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Lafond defense wants results of blood tests thrown out

LACONIA — Attorney Mark Sisti, who represents Amy Lafond against charges that her reckless and negligent driving caused the death of one teenage girl and severely injured another on Messer Street nearly a year ago, has asked the Belknap County Superior Court to rule that the results of tests on the blood taken from his client after the incident not be placed in evidence.

No information has to date been made public about the results of those tests.

In a motion filed yesterday Sisti argues that the test results should be suppressed on two grounds. First, he questions whether Lafond "freely, willingly and knowingly" consented to her blood being drawn. Second, in light of the circumstances in which her blood was drawn, he claims that a state statute requiring mandatory blood testing of drivers involved in accidents leading to serious injury or death cannot be invoked to justify introduction of the test results as evidence.

Lafond, 53, is charged with manslaughter and two counts of negligent homicide arising from an incident on April 19 when she allegedly drove into two teenage girls on Messer Street, killing Lilyanna Johnson and seriously injuring Allyssa Miner. She is also charged with several drug offenses and traffic violations.

Although Belknap County Attorney Melissa C. Guldbrandsen has said that toxicology tests found elevated levels of Oxycodone and the presence of Gabapentin, both prescription drugs, in LaFond's bloodstream, she has not been charged with driving while impaired. However, when Lafond was arraigned, Guldbrandsen said, "we are alleging that the accident occurred after she consumed drugs."
Sisti begins by referring to the report of Officer Joseph Marquis of the Laconia Police Department, who wrote that, Lafond was taken to Lakes Region General Hospital where he spoke with her and concluded: "I did not smell the odor of an alcoholic beverage and there was no reason or probable cause for me to believe that she was impaired by drugs or alcohol. Based on my observations and interactions with Mrs. Lafond, it was my judgment that she was able to knowingly consent to my request for a conceptual blood draw."
Marquis reported that he read the Consent-to-Search form issued by the Laconia Police Department, which includes the right to withhold consent, to Lafond, who he said consented to the blood draw. A medical technician then took two blood samples, one to which Lafond consented and another pursuant to the statute (RSA 265-A:15) requiring mandatory blood tests of drivers involved in accidents leading to serious injury or death.

Sisti argues that there is no evidence that Marquis advised Lafond of the consequences of a voluntary blood draw, namely that the test results could be used against her in criminal proceedings. Consent, he maintains, cannot be deemed free, willing and knowing "without a full appreciation of the consequences of such consent" and concludes that her consent "was not fully knowing."

RSA 265-A:16 requires police to conduct blood draws of drivers involved in fatal accidents, "provided that in the case of a living driver or operator the officer has probable cause to believe that the driver or operator caused the collision or accident." Sisti refers to the Attorney General's Law Enforcement Manual, which notes that because the law does not require either a warrant or probable cause to believe the person was driving while impaired, its constitutionality is in question. More specifically, the manual continues, there is a question whether tests results can be introduced as evidence in criminal proceedings.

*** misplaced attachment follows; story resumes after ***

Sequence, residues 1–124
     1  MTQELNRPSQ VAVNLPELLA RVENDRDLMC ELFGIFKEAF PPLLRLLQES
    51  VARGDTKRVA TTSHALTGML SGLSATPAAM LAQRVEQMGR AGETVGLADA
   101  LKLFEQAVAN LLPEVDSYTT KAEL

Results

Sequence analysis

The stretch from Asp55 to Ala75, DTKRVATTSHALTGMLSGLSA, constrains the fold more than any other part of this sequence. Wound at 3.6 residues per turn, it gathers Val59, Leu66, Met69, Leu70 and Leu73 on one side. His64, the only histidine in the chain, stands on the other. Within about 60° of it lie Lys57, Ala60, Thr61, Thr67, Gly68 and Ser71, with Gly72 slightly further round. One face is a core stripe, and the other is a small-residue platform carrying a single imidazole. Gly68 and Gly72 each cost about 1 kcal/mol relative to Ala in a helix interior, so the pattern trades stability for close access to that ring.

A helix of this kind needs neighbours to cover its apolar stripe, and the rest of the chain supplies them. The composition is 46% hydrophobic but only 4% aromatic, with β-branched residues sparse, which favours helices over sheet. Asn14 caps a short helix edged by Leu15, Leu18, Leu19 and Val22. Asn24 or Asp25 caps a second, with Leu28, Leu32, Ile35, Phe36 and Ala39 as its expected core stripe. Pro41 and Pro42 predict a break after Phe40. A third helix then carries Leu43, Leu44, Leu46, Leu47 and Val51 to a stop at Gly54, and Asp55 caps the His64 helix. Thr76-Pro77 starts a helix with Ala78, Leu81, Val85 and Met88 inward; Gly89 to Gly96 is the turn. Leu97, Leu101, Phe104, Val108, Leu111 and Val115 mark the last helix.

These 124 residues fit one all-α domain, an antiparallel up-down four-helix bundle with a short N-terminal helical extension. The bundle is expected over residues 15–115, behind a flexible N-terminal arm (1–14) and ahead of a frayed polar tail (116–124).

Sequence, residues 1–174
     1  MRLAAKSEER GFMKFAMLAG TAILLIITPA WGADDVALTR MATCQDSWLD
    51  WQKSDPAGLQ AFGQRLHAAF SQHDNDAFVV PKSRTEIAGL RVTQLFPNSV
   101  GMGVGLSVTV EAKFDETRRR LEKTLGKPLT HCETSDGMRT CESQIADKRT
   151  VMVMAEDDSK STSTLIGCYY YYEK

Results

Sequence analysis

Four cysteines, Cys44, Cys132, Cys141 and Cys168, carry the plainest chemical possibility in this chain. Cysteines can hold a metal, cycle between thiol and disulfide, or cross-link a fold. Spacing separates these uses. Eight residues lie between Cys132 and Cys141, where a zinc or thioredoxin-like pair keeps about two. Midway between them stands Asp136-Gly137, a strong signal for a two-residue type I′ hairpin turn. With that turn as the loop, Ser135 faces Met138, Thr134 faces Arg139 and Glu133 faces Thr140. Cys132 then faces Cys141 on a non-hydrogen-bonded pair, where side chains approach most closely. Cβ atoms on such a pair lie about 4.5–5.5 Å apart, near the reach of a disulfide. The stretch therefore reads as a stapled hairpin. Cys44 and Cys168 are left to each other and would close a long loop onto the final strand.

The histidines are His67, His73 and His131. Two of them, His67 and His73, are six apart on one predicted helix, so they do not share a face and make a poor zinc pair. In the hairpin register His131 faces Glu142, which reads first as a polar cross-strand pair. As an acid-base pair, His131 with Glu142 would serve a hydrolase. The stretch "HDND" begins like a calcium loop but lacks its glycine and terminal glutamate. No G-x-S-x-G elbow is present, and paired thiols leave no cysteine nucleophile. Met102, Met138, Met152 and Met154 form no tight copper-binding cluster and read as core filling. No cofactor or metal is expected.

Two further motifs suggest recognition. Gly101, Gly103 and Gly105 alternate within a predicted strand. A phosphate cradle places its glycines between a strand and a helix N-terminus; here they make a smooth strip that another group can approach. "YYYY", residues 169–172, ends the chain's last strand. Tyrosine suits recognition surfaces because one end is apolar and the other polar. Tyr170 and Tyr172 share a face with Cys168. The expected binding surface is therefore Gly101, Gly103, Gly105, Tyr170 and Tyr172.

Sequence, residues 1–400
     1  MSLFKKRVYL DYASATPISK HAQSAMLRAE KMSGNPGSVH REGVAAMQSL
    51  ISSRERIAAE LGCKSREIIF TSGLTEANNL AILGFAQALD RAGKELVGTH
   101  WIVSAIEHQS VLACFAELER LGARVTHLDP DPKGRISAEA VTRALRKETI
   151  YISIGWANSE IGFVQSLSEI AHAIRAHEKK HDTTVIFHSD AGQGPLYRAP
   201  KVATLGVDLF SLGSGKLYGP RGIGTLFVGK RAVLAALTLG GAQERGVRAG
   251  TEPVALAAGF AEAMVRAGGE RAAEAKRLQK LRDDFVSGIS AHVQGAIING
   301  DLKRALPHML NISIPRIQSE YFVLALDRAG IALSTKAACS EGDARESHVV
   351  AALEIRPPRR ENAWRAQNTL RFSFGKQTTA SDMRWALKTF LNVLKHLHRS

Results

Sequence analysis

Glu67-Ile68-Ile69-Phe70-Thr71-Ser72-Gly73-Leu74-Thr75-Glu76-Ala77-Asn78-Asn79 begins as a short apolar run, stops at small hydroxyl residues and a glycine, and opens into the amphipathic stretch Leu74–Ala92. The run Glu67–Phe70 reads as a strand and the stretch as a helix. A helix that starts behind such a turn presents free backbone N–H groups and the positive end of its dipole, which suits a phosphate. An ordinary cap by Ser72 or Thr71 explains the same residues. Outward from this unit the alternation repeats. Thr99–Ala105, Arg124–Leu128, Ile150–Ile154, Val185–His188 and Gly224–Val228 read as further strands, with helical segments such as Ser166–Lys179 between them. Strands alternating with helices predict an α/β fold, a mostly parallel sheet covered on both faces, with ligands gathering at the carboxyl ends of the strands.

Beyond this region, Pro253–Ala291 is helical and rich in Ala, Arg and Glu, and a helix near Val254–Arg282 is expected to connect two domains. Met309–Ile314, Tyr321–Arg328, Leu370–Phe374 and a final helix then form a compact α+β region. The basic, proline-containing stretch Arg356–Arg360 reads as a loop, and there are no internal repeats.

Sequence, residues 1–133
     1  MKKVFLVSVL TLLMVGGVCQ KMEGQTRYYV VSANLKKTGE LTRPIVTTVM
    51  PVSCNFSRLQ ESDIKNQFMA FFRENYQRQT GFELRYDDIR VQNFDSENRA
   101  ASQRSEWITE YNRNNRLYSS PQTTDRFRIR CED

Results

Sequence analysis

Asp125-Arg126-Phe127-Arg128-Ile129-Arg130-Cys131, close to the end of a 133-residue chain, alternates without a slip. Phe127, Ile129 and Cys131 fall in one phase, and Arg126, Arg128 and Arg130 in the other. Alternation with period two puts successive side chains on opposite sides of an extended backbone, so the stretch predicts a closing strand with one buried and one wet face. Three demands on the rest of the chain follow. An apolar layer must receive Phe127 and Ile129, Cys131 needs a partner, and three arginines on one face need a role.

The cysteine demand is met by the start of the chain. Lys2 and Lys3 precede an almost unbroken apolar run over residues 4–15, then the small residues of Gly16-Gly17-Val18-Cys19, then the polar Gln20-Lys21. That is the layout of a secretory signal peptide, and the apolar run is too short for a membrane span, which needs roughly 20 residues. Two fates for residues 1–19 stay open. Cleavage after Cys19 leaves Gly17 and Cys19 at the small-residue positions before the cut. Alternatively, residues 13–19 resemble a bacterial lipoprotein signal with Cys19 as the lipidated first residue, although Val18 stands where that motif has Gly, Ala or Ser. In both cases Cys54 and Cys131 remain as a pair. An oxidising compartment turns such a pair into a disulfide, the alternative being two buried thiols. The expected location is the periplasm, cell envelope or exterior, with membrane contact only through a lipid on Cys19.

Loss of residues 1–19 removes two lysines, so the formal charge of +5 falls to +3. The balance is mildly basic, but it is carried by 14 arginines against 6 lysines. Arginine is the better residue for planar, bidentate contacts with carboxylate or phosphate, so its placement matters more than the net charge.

Sisiti finds that "the statute authorizes a law enforcement officer to compel a blood test, which unquestionably amounts to a 'search' under the 4th Amendment in circumstances where there has been no showing of any likelihood that the evidence will produce any evidence of criminal activity." The Attorney General's manual asserts that nevertheless the statute is constitutional because the search falls within the exception to the require for a warrant or probable cause granted for "special needs;" for example, the necessity to conduct blood tests in a timely manner if the presence of substances, like alcohol and drugs that metabolize rapidly, is to be detected.

However, Sisti cites two New Hampshire cases in which the courts have rejected this rendering of the statute. And he further reminds the court that the Attorney General cautions law enforcement officers that mandatory blood tests "cannot be routinely used as evidence against drivers in criminal prosecutions." Instead, the manual advises "wherever possible, officers should document any facts supporting a finding of probable cause to believe that the driver is impaired, and any exigent circumstances that would justify conducting a warrantless search. This would provide the State with an alternative argument to support the admissibility of the test results at a subsequent trial."

Asking the court to suppress the results of the blood tests, Sisti returns to Marquis's report where he expressly states that "there was no reason or probable cause for me to believe that she was impaired by drugs or alcohol."

 
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